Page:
Adjust Text Size:change font sizechange font sizechange font sizechange font sizechange font sizechange font size

Participant Information

Jackie Barzely


Being diagnosed with "Parkinson's" four years ago, at the age of 47, was a shock and a wakeup call for me. I was totally unprepared, although I knew something was wrong and had been having tests for a while.

In my childhood and youth I was a competitive gymnast, and sport and movement had always been a big and important part of my life. The idea that the strongest area of my life was to become my weakness was hard to digest and made me analyze my life and take control instead of just drifting.

First, I became a mature student and enrolled in a 3-year course, called "Natural Nutrition." This is something I wanted to do and had put off for years. I faced a lot of challenges learning in Hebrew which is not my mother tongue, traveling to and fro, and not letting the affects of the illness hold me back. I'm now at the end of my second year, and slowly but surely I'm reaching my goal to qualify and work as a "Natural Dietitian."

This disease opened up a flood of emotions from deep inside and has left me no choice than to face them, feel them, and at the same time find an inner peace and be realistic about my situation.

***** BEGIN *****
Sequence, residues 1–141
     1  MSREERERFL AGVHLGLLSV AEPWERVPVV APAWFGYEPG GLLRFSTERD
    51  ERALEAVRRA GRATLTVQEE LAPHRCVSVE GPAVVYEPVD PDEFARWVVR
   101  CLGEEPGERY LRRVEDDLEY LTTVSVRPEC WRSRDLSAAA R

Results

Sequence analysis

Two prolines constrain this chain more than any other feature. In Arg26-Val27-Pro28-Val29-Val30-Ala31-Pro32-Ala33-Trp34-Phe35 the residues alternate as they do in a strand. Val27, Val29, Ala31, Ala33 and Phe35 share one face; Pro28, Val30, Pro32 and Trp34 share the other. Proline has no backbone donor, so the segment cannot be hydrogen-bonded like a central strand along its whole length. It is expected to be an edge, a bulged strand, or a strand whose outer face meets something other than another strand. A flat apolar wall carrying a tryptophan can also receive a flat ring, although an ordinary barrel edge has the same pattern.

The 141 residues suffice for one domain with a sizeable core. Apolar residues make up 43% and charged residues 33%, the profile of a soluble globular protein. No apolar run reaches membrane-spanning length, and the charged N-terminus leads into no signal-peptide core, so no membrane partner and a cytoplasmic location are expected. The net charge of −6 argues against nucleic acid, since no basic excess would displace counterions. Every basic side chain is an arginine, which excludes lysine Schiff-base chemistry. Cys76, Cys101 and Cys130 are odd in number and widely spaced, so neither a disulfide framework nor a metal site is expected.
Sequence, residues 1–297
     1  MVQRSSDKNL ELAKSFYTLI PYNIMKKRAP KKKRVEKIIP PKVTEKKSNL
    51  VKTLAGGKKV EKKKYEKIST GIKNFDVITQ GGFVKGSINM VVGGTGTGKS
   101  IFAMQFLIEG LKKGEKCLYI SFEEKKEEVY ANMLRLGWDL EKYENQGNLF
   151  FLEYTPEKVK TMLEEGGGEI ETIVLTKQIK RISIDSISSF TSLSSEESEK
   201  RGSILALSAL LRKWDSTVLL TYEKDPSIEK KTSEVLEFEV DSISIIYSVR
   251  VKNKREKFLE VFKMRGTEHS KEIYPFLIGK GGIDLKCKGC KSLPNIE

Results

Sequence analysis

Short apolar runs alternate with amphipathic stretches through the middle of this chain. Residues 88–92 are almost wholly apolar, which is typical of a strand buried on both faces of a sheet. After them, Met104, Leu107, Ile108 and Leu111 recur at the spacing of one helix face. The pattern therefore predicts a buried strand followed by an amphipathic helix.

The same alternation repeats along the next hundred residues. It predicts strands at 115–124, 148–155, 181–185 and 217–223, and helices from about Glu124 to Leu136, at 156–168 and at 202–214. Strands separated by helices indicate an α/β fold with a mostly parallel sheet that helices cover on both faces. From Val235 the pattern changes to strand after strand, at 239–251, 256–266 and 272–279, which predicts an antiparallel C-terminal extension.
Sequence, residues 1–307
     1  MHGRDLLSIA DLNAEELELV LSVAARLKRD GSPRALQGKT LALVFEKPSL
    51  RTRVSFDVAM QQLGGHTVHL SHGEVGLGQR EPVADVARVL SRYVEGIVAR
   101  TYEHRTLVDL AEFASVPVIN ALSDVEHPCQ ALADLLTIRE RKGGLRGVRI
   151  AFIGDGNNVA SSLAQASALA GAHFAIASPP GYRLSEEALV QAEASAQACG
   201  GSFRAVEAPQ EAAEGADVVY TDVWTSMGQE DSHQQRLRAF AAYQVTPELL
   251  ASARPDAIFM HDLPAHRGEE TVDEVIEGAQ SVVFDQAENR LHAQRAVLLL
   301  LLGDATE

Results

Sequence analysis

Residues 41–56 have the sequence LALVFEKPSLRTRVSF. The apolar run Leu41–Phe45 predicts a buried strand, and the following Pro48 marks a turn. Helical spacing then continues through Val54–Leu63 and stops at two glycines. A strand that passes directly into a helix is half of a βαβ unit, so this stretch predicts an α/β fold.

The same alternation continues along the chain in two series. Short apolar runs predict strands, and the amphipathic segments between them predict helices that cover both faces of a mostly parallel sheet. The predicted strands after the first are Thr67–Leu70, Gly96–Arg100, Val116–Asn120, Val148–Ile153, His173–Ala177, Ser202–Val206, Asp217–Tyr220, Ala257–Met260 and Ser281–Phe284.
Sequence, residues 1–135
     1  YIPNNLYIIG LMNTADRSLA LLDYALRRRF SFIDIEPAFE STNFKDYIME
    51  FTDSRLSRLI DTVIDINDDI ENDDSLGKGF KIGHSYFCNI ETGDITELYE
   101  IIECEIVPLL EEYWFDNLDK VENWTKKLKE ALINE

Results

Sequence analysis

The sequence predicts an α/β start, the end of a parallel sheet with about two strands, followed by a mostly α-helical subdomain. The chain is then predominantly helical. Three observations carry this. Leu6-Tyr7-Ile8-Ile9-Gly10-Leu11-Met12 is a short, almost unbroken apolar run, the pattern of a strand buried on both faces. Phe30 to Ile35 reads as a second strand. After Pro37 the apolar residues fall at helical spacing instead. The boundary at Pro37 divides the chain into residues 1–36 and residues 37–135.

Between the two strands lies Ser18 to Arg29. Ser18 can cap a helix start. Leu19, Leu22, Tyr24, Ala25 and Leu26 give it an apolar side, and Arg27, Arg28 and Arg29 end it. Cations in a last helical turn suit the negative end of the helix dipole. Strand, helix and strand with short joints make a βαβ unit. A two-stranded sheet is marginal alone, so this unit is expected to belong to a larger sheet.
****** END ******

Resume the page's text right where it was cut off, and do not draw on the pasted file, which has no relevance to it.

The actual poetry writing started when I decided to separate from my husband of 24 years (we started having problems before I was diagnosed; he couldn't come to terms with my illness so the stress was making me worse). We weren't really communicating so the actual writing helped me face my situation and search for answers.

Unable to sleep at nights (like most people with Parkinson's), I would find myself in front of the computer screen writing and examining my options. This gives me strength and today I am also writing about things that don't always directly affect me. I also have a close group of friends that are my audience and feedback.

As a mother of 4, I feel that even with the illness, I am passing on to them a positive message as a woman, a mother and a human being. Also living in a less stressful atmosphere my illness is under control and I am no longer stuck but moving forward.

The "Parkinson's" has actually strengthened me both emotionally and intellectually and is continually opening new doors for me. It's very important to me to contribute and I plan to carry on doing so in many ways.

Living in Israel is often a challenge on its own, but here on the kibbutz in the Negev Desert where I live, I feel accepted, appreciated and often even looked up to.